Employment contracts sometimes include accommodation or an accommodation allowance. It is possible to share accommodation, but bear in mind that unmarried men and women are not allowed to live together by law, unless they are members of the same family.

Single women may find that they have to arrange accommodation rental through their company. The rent for an apartment will not necessarily include utility bills such as electricity and water.

Maintenance services for air-conditioning units should be covered by the landlord, and parking is usually provided for at least one vehicle.

Rental contracts are usually for a period of 12 months and payments are made monthly in advance, either by cash or cheques. Using an agent is a convenient, albeit expensive, way of locating accommodation.

Real Estate AgentsMain Real Estate Agents AAA Housing 246 5888 Al Adwani Real Estate 240 4209 Tamdeen Real Estate Co. 246 8881 United Real Estate Co. 80 5225



Kuwait has excellent medical care, but at a price – visitors are strongly advised to arrange private medical insurance before arriving.

Public healthcare is provided through a number of clinics and hospitals. There are several large government hospitals in Kuwait and they are all recommended in case of an emergency. Clinics are located throughout Kuwait and can usually be found next to the local supermarket or cooperative.

They offer preliminary examinations and routine check-ups and services, and will refer a patient to a specialist where necessary. All residents of Kuwait have access to public healthcare. The current ambulance service in Kuwait is not on a par with western standards.

Paramedics are often not properly trained and work from ill-equipped vehicles. Private healthcare is of a high standard, although it is expensive. Expatriates generally prefer to be covered by private insurance allowing for the use of private hospitals and clinics where there are more comfortable facilities and shorter waiting periods.

Most employers provide medical insurance as part of the employee’s package, but this is not mandatory. A number of insurers will expect the policy holder to pay for treatment up front and then be reimbursed. Most private hospitals and clinics do not allow appointments to be made over the telephone.

Pharmacies are located next to hospitals and clinics and at most cooperatives.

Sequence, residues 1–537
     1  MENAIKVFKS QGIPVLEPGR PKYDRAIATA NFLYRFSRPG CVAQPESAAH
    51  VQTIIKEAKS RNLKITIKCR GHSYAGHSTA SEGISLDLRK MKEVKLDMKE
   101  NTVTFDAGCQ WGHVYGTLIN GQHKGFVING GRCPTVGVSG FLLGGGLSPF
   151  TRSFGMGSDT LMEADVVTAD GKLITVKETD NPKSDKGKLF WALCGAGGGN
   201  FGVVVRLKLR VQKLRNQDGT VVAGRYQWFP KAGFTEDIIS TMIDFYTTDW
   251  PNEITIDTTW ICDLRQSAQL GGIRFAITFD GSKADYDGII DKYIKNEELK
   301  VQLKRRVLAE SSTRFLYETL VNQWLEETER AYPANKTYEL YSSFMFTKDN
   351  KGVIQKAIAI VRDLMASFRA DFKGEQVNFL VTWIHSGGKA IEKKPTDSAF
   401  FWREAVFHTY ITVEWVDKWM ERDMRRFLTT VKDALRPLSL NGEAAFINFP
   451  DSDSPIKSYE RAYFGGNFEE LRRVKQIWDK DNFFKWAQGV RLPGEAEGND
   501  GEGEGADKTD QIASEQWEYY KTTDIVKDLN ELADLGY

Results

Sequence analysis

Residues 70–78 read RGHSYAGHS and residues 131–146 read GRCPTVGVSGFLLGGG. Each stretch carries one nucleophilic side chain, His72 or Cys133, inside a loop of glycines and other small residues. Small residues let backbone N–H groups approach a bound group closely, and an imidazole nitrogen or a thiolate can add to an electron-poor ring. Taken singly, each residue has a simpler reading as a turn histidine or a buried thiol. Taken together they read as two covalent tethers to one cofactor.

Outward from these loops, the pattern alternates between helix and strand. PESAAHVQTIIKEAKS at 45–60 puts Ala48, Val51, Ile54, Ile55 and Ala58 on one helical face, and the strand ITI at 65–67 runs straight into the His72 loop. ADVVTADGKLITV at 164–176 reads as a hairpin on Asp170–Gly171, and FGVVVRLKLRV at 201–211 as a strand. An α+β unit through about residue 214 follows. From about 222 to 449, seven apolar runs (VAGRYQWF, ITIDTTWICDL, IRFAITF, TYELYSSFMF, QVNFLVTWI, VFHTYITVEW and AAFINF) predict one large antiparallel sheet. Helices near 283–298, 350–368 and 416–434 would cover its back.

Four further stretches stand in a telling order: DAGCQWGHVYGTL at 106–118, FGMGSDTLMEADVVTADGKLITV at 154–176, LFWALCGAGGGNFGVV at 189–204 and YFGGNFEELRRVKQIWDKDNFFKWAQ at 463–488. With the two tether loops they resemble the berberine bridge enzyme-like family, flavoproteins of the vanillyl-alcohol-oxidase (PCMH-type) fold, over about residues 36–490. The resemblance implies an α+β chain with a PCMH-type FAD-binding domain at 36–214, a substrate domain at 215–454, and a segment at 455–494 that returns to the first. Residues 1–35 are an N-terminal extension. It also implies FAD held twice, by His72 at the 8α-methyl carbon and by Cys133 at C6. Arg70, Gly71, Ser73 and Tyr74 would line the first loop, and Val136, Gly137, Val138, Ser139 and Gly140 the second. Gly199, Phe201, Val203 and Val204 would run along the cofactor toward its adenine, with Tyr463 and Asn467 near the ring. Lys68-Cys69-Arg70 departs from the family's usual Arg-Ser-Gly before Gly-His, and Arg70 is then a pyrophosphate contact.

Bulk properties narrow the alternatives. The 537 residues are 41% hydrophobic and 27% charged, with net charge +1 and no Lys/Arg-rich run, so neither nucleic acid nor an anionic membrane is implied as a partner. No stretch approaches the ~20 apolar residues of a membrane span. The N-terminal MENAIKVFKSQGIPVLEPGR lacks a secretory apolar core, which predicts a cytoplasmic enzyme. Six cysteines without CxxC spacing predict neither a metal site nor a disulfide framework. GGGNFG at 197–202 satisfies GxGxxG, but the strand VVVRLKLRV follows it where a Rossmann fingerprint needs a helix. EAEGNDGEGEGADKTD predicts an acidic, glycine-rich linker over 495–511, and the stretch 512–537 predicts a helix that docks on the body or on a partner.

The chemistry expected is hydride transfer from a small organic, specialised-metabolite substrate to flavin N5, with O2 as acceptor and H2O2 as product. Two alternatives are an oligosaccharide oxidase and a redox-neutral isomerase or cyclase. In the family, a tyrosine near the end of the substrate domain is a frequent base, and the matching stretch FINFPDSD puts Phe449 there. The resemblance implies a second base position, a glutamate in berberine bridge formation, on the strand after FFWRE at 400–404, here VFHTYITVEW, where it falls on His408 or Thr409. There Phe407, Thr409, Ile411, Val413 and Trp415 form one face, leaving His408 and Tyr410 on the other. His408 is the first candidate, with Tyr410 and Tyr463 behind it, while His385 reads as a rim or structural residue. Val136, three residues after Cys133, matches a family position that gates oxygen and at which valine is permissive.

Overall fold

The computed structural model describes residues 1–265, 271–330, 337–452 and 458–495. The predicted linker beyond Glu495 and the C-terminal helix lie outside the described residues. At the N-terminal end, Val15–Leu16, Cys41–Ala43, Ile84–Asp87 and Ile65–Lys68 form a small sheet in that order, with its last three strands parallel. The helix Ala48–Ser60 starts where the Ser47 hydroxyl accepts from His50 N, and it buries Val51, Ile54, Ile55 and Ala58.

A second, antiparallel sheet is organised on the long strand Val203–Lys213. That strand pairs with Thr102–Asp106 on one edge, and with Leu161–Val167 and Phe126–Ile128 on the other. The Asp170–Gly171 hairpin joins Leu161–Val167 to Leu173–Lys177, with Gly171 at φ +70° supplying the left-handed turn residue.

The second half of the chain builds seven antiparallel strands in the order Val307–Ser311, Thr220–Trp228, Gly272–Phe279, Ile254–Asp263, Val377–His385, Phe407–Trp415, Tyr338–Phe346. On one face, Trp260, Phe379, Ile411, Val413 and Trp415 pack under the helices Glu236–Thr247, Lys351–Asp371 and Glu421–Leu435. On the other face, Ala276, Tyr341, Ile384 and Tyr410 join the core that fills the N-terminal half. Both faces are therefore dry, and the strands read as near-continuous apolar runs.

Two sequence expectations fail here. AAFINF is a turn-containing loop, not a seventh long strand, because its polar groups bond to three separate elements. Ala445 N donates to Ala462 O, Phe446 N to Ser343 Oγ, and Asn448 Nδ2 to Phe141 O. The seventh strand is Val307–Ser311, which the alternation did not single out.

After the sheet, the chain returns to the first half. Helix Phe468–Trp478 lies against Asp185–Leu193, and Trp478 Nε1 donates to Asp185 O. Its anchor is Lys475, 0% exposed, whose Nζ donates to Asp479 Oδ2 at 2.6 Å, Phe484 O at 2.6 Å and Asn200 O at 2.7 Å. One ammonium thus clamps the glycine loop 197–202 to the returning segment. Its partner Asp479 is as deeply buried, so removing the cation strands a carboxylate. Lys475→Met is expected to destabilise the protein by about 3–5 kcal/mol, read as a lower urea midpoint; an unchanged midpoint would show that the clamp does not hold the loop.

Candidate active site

Private Hospitals

  • Al Rashid Hospital 562 4000
  • Dar Al Shifa Hospital 80 2555
  • Hadi Clinic 82 8282
  • London Hospital 88 3883
  • New Mowasat Hospital 572 6666
  • Salam Hospital 253 3177
  • Private Health Centres/Clinics Boushahri Clinic 88 5544
  • British Medical Centre 371 3100
  • Care Clinic 261 0666
  • International Clinic 574 5111



Kuwait has a good education system for expatriate children.

The private schools catering for the large expatriate population (and more westernised Kuwaiti children) are obliged to include Arabic and Islamic studies in their curriculum. These schools tend to follow the British and American curriculum.

There are a number of other international schools, including Indian, Pakistani and Filipino, which follow their respective curriculums.

The good schools in Kuwait always have a waiting list so it is advisable to register a child as soon as you know that you may be relocating.

The school year runs from September to June but actual term dates vary from school to school. Schools are open from Saturday to Wednesday and hours are usually 07:30 to 14:00.

You should try to negotiate your employment contract to include a separate payment for school fees.

A number of private colleges and universities have recently opened in the country. Kuwait University offers a wide range of courses, including Islamic Studies, and has restricted access for expatriate students.

The American University of Kuwait (AUK) offers degrees in liberal arts, sciences and management. The Australian College of Kuwait (ACK) offers engineering, maritime, and management diplomas.

Main Schools

  • American School of Kuwait Hawalli 266 4341
  • The British School of Kuwait Salwa 562 1701
  • Cambridge English School Central Kuwait 371 7331
  • English Academy Jabriya 534 0427
  • The English School Salmiya 563 7205
  • The English School Fahaheel Central Kuwait 371 1070
  • Gulf English School Salmiya 565 9361
  • Kuwait National English School Hawalli 265 6904
  • New English School Jabriya 531 8060


Cost of Living

Cost of Living
Bread (large loaf) 150 fils
Burger KD 1.150
Cappuccino KD 1
Car rental (compact) KD 9/day
Chocolate bar 100 fils
Cigarettes (20) 400 fils
Cinema ticket KD 2.500
Eggs (dozen) 850 fils
Milk 1 litre 480 fils
Water 1.5 litres (supermarket) 150 fils